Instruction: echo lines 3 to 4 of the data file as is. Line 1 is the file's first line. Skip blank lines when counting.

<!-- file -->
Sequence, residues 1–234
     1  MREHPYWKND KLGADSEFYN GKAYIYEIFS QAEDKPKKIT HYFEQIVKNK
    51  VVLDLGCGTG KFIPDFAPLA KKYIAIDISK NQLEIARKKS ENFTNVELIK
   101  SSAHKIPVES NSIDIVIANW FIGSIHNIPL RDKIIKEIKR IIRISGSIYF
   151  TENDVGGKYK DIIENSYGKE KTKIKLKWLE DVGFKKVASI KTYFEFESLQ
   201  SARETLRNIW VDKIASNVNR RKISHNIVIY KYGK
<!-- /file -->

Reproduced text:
    51  VVLDLGCGTG KFIPDFAPLA KKYIAIDISK NQLEIARKKS ENFTNVELIK
   101  SSAHKIPVES NSIDIVIANW FIGSIHNIPL RDKIIKEIKR IIRISGSIYF